Sues's Staff Pick: Thanks to the millions of readers who loved Elizabeth Gilbert’s mega bestseller, Eat, Pray, Love, this much anticipated follow-up was on the bestseller list before release! And, for her fans, Gilbert’s journalistic style will not disappoint, as she continues her story of personal searching after a horrific failed marriage. I don’t think this book has the intimacy or humor of Eat, Pray, Love, but for those who are curious or who simply want a follow-up to her story, the author delivers. This is a book about starting over, and not allowing past failures to dictate your future. At the same time, the author certainly informs all of her decisions regarding her future by what she learned as chronicled in her previous book. I found some aspects of the book to be tedious, and likened those parts to a textbook on marriage—what to do and not to do prior to committing. However, her journey and story is continued in these pages, and I believe the book will satisfy those who care about and learn from the passages that Gilbert navigates.
Sues's Staff Pick: Another book for young readers, this one for a girl aged nine to thirteen...although, I enjoyed this quick read! This is eleven year old Maud’s story of being adopted from a truly horrid foundling home by three aging sisters. She is pulled into their deceptive business of holding séances for wealthy grieving clients. Her relationship with a deaf housemaid is sweet and powerful. We see her evolution from a “difficult” orphan to a thinking and conscientious girl who has to make quick and grown-up decisions that are not always to her advantage. This is truly a melodrama, but what young girl doesn’t love drama? I have been recommending this book to my young readers, and haven’t had one complaint!
Sues's Staff Pick: This book comes to us from a publisher whose salesman describes their book choices as, “the greatest books never read!” Unbridled Books is a small press that really chooses their authors and books for true literary content and conscientious storytelling. The story begins when James Gates is a seven-year-old boy--a boy with one green eye and one brown eye--a light-complexioned boy with African textured light colored hair. His mother was a slave; his father the master of the plantation on which they lived. This father scoops him up one morning and sends him off to boarding school in England, freedom papers and a copy of the “Declaration of Independence” in hand. While now free, his plight goes from bad to worse as he makes his way back to the States with his British accent and education. He discovers that if he wears a hat and turns the right way, he can “pass” in white society. And, regardless of the documents that he carries in his pocket, passing is still of utmost importance post Civil War. Always in the forefront of his thought are the parting words given to him by his father, “We all suffer...and we are all going to die. It’s a law of nature...we are not in control. We do not live for ourselves. But, we are free!” Because his father always walked to the cabin to see James and his mother, James changed his name to Freeman Walker. He too was a walker and he walks as he fights in the Civil War. Post-war he walks to search for his mother. He walks west in his attempts to find gold and himself. Here the book takes on a local favor for westerners that are informative and uniquely part of Freeman Walker’s story. This is a great tale that gives the reader views into American slavery, the underbelly of London in the mid-1800s and the unidealized era of this nation’s new frontier. Beautifully written, I found myself reading aloud passages just to hear the magic of the words.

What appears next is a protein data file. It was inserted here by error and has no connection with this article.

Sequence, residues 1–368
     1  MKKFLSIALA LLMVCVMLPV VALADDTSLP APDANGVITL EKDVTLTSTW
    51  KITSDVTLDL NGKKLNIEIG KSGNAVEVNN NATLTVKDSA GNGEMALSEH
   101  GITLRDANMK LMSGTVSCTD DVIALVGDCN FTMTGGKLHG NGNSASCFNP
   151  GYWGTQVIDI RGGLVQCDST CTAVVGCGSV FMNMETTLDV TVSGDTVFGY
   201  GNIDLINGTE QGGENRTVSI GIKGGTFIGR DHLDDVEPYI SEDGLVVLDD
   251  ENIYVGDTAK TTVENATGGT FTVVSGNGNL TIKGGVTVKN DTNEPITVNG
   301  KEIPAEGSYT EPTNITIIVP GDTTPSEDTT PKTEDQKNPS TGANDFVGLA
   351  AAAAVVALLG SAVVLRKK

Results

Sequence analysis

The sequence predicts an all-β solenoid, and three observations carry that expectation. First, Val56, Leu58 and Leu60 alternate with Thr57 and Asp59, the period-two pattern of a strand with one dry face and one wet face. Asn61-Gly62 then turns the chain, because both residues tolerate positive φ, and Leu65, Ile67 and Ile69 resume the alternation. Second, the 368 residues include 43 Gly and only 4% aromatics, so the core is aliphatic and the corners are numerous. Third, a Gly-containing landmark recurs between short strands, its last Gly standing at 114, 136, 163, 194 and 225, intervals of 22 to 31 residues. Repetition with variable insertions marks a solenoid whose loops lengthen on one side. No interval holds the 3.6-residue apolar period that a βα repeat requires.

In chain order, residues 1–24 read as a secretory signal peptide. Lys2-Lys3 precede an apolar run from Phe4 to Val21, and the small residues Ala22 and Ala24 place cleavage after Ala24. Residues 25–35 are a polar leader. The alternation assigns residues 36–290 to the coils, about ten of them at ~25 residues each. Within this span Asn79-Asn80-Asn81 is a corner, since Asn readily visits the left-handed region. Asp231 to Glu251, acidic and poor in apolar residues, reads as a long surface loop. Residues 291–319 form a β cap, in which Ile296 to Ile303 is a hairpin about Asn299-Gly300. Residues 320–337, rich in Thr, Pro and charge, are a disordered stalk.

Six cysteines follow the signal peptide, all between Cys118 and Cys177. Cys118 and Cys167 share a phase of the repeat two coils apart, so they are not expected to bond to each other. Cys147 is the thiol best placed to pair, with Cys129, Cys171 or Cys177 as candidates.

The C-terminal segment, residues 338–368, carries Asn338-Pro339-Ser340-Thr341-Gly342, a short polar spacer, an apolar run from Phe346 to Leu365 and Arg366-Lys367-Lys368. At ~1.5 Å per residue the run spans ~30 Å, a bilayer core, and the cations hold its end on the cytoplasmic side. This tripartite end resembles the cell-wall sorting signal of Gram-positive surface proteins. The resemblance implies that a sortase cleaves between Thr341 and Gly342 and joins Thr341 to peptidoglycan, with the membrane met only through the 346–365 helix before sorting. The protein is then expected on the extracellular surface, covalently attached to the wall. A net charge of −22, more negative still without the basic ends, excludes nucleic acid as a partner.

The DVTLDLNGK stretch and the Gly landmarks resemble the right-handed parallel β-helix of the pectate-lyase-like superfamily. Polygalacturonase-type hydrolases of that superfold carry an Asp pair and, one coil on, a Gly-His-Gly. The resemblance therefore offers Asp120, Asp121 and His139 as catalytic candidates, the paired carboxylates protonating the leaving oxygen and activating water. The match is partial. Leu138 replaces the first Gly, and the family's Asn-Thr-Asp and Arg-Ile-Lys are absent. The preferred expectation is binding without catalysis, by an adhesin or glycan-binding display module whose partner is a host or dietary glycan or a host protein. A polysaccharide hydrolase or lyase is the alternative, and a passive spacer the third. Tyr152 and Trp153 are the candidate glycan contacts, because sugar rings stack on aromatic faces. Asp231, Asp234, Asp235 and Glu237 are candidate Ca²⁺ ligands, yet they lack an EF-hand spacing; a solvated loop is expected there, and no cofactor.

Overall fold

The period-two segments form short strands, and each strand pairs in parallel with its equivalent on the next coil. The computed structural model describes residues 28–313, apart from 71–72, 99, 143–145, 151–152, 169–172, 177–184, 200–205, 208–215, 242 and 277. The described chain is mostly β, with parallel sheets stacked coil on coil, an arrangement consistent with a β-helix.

Sues's Staff Pick: This gorgeous book is at the top of my favorite children’s books of the year, and one that could easily work as a coffee table book for adults. The beautifully illustrated book is the story of one house, told by the house in sparse, yet lovely poetry. Children love the illustrations of the house, all placed from the same perspective and told over the years that the house has existed. They are quick to point out what remains the same, as the house ages. And, while this is the house’s story, the reader learns some history of the various inhabitants and visitors, and of what is going on in the world during that time. To me, it is the perfect picture book from which to begin a dialogue with your listeners, whether it be about history, farming, house building…the topics are endless! This is a book that will be taken down from the shelf often by children wanting the same story but always with a bit different twist.